WHO urges Karonga District Health Office to intensify Cholera outbreak interventions in identified risk areas of the district
The World Health Organization country office in Malawi conducted an assessment of cholera outbreak control efforts in Karonga district between 18 and 19 January 2018. The WHO mission’s major finding was that the District Epidemic Response Committee under the leadership of the District Health Officer, Dr Phinias Mfune was effectively managing all the partners who were present in the district supporting cholera control activities. “We conduct weekly coordination meetings at the District Counsel chamber. The main aim of the coordination meetings is to ensure that we share information about who is doing what, where and when. In addition, the coordination meetings help us identify gaps in terms of drugs and supplies like chlorine for water treatment, intravenous fluids, personal protective equipment, financial and human resources” Dr Mfune informed the WHO mission during a courtesy call.
At the time of the mission Karonga had reported 196 cases with 3 deaths that occurred in the health facilities. One death occurred in the community before presenting at the health facility. The epidemic started in the health facilities in the north of Karonga and was slowly shifting to the southern health facilities. The WHO team participated at the community interface meeting which was organized by Karonga District Epidemic Committee at Nyungwe Teacher Development Centre. The meeting was attended by traditional leaders, community volunteers and partners who support Karonga district to control the Cholera outbreak. The partners present at the meeting were UNICEF, ONSE, the Health Education Unit of Ministry of Health, Feed the Children, Malawi Red Cross Society (Netherlands), NICE, World Vision International and Management Sciences for Health. The community leaders and the partners all agreed that poor sanitation and water supply were the factors that were fueling the Cholera outbreak in Karonga. A concern was mainly on poor sanitation standards in fishing communities along Lake Malawi. Speaking at the community interface meeting Traditional Authority Mwerang’ombe said, “It is clear that most cases that report to health facilities have in some way been associated with fishermen’s settlements along the lake like Ngala and Galimoto fishing settlements. Most houses are temporary shelters with no toilets and those that have toilets their state is unsatisfactory. People drink untreated water from the lake. There is evidence that shows that people from these fishing communities defecate in the lake, otherwise without toilets then where do they relieve themselves?”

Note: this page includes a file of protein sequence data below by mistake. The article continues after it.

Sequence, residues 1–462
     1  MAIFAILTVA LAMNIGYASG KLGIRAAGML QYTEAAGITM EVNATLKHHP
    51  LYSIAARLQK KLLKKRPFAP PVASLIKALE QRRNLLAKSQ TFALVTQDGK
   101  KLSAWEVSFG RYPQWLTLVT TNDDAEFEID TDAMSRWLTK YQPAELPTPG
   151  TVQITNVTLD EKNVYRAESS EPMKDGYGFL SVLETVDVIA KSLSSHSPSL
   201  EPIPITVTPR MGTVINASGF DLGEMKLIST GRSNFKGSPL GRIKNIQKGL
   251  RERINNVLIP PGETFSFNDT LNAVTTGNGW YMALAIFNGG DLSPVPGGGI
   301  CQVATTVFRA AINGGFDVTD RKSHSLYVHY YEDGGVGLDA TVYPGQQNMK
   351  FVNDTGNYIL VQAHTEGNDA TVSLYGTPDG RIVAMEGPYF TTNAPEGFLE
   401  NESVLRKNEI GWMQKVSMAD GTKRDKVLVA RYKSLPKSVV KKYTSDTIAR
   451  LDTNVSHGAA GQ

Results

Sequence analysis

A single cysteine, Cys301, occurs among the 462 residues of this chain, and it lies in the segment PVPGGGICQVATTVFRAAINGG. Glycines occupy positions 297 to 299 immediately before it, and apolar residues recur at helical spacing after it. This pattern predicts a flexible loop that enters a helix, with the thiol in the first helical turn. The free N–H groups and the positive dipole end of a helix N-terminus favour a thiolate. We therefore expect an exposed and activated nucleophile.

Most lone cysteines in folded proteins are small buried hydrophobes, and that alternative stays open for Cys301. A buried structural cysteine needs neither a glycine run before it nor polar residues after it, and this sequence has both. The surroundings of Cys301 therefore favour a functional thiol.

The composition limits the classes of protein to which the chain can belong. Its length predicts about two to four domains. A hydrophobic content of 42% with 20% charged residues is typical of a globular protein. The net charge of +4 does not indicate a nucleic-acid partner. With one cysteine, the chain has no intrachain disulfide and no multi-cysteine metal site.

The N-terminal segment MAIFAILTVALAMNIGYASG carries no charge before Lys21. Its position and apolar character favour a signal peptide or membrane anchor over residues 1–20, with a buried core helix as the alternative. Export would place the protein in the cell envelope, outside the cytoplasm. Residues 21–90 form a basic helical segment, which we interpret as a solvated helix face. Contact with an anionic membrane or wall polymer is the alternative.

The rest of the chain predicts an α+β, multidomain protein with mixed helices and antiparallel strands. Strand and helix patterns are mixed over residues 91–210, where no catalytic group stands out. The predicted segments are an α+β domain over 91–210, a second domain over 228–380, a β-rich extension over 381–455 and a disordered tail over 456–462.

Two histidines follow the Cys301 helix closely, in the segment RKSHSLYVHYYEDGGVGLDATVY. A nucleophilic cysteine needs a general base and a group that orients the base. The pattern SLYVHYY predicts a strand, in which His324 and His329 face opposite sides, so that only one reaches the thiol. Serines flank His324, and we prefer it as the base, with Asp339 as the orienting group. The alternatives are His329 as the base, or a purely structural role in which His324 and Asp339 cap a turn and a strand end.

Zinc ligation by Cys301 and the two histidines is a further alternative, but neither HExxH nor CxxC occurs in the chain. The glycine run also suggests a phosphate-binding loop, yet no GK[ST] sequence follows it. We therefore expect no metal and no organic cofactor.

It was also highlighted during the meeting that although health workers and Red cross volunteers distribute chlorine for water treatment most people do not like the taste of the chlorine treated water. In addition, some communities are reluctant to accept the transmission modes and prevention practices for cholera as presented by the health care workers. As such they do not comply to the advice provided by the health care workers on sanitation and treating the water with chlorine or even boiling the water before drinking. In communities that have boreholes the communities claim that the water is salty and so not good for drinking.
At a technical meeting that was held on 19 January 2018, the WHO team commended the District Technical Epidemic Committee for the intensified surveillance in the wake of the outbreak. In particular, the households where the cholera cases originate are followed up, all contacts traced and appropriate action is taken. In addition, the community leaders are engaged in awareness activities. The Health Education Unit of MOH was in the district at the time (for 17 days), using a Mobile Video Van and the MOH music band to disseminate key cholera messages. The Health Education Unit team was also guiding large public meetings organized by local leaders to disseminate key cholera prevention messages. One key message was on key actions to take once someone in their community presents with signs and symptoms of cholera. The community leaders also promote construction of toilets and the use of chlorine to treat water in their communities. School feeding programmes in the district were temporarily suspended while the preparation and selling of food in the markets was also banned until further notice.
Cholera cases are managed by staff at the health facilities comprising of medical assistants, nurses, health surveillance assistants and ward attendants. During the mission it was noted that orientation sessions on case management were underway with funding from World Vision International and ONSE.
To conclude the mission, the WHO team held a debriefing session with the District Health Officer where the issue of a cross border meeting with Kyela district which is in Tanzania was discussed. The DHO indicated that they had a cross border meeting which was initiated by the Karonga District Commissioner in 2017 and the next one was planned for March 2018. The mission made a recommendation to the District Health Officer to seriously consider holding the cross border meeting earlier than March. This recommendation would be taken on board by the District Commissioner and WHO was assured that an update on any possibility would be communicated. He also stated that the district officials have telephone contacts with their counterparts in Kyela and they are able to communicate on whattsapp.com or phone from time to time as need arises. Another recommendation was that the district should mobilize resources from partners to conduct a cholera tailored Integrated Disease Surveillance Training (IDSR). The WHO team assured the District Health Officer of World Health Organization technical assistance during the IDSR training.